Soon after the Supreme Court upheld Obamacare subsidies Thursday morning, Sen. Rand Paul said that the Supreme Court “missed an opportunity here” to change the law.
The 2016 candidate also lamented to CNN’s Wolf Biltzer that the decision takes “leverage” away from the GOP’s efforts to repeal or fix the law in any way.
RAND PAUL: As a physician, the Supreme Court missed an opportunity here. Obamacare is making all insurance more expensive. I think we made a mistake. If they would have ruled and adhered to the literal nature of the law, maybe Congress would have had a chance to take up Obamacare again and try to make it less bad or fix the parts of it that are causing so many problems in our society. I really think Obamacare is making all insurance more expensive and taking away choice. So I am disappointed that we’ve missed an opportunity here.
WOLF BLITZER: But for all practical purposes, senator, at least for now, any changes, significant changes, in Obamacare, changes you as a physician, as a Republican, as a senator, as a presidential candidate would like — those changes are going away at least for now until — if there is a Republican president that could change, but at least for now you’re resigned to the fact Obamacare stays as is.
PAUL: I would still like to reform it and change it and give patients back more choices on whether they can choose which doctor or which insurance plan, legalize competition and legalize inexpensive insurance again, but it makes it hard because we don’t have the leverage. If we had the leverage where the president had to revisit this because part of it had been struck down, then we would have the leverage to force the president to revisit it. We have majorities and so we can bring it up and we can pass legislation, but getting the president to actually do something about it and actually have the leverage to get him to perhaps sign something that would change Obamacare, I think we’ve lost that leverage.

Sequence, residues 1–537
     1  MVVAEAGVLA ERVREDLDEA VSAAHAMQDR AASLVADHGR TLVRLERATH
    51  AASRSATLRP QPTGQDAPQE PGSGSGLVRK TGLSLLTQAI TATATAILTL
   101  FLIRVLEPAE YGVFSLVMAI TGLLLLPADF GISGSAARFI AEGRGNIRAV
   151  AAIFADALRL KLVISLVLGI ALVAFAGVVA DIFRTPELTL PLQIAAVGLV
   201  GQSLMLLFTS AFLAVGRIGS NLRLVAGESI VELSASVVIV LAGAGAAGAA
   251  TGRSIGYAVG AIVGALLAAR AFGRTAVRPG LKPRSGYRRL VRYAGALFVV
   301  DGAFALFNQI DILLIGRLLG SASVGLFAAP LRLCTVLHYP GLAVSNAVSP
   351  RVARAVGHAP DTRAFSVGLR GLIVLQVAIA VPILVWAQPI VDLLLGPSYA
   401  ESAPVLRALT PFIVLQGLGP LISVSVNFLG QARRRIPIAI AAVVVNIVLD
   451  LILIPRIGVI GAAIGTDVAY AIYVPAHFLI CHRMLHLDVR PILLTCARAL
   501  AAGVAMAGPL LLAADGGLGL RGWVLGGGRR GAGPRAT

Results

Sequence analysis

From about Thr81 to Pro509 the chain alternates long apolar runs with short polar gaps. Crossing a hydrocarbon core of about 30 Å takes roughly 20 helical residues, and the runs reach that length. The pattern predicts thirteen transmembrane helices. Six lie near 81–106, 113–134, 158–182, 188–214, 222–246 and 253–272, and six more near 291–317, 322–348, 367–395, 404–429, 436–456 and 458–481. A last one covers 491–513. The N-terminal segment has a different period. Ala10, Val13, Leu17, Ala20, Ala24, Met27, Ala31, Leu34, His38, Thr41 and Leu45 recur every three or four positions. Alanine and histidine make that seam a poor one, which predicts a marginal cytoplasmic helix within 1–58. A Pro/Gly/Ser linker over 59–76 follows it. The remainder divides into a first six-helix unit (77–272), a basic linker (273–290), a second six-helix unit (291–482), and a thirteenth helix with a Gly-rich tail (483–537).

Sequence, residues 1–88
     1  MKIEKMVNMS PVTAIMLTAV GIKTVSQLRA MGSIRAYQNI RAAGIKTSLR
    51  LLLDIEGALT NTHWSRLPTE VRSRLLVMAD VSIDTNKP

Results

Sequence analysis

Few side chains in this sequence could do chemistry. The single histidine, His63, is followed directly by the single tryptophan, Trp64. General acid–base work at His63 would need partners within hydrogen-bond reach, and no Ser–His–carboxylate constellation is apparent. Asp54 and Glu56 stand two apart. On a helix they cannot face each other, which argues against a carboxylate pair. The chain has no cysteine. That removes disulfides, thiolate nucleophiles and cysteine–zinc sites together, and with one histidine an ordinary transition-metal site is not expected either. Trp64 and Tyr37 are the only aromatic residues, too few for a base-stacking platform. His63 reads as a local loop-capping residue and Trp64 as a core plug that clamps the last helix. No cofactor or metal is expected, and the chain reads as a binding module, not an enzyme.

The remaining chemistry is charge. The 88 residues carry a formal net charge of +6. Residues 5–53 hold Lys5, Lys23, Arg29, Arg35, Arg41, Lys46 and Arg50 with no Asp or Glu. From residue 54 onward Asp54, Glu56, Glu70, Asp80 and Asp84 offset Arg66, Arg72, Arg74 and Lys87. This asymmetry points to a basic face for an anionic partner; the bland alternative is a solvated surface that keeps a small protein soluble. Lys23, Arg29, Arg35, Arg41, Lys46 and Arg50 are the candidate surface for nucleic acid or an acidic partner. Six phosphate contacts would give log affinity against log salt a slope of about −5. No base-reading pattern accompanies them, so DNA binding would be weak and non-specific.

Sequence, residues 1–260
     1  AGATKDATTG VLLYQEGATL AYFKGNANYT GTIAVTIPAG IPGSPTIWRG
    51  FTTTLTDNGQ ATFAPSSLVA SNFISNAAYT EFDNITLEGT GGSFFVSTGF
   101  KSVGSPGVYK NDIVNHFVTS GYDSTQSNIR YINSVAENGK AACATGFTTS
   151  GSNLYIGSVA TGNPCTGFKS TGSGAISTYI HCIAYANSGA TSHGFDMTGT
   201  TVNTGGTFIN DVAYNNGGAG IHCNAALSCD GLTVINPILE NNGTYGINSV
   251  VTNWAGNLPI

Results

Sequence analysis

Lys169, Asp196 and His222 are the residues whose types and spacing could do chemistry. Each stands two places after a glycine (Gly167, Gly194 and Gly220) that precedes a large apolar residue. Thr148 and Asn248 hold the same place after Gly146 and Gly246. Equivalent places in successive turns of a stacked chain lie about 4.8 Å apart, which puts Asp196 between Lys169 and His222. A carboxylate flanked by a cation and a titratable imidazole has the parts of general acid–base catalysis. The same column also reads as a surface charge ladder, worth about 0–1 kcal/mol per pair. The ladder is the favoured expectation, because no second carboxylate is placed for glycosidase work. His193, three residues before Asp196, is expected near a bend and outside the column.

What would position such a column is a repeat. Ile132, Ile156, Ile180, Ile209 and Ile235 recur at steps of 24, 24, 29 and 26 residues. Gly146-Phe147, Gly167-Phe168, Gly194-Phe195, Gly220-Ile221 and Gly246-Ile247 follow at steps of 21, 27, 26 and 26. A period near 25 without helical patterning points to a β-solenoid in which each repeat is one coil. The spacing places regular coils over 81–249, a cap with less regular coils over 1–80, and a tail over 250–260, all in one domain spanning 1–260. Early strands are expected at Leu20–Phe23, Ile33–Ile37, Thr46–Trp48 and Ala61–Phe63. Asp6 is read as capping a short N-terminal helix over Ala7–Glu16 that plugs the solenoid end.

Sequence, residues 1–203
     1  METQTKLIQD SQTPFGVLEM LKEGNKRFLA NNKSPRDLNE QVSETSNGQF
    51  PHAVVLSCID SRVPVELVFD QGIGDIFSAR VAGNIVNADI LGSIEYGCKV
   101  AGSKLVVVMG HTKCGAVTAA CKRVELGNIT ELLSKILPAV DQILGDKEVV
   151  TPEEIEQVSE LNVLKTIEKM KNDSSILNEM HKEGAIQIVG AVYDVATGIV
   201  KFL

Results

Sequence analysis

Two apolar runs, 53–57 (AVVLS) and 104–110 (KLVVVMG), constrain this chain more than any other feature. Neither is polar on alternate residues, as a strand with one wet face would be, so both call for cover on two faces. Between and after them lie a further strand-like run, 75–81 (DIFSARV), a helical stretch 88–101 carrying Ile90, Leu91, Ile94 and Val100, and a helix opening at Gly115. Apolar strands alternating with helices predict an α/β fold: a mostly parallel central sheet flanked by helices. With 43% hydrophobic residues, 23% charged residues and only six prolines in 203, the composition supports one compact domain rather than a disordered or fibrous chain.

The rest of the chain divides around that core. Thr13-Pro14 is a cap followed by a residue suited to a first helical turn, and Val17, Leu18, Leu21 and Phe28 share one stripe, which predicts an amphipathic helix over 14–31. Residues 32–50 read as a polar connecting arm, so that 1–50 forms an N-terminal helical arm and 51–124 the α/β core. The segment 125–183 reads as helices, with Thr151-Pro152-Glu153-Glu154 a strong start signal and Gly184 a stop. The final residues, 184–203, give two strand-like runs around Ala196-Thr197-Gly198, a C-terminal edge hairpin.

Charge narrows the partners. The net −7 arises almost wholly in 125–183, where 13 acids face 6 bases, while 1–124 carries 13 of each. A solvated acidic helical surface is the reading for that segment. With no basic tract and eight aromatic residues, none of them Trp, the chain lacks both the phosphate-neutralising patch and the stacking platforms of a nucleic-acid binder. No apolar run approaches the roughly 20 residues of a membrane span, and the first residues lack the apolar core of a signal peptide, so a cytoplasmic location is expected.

BLITZER: But just to wrap this up, senator, even if you do — the Republican majorities in the House and Senate pass legislation, the president presumably will veto that legislation and you don’t have two-thirds majorities to override a presidential veto, right?
PAUL: I agree, and that’s why, without this court case, I think we’ve lost the leverage to actually have the president negotiate with us.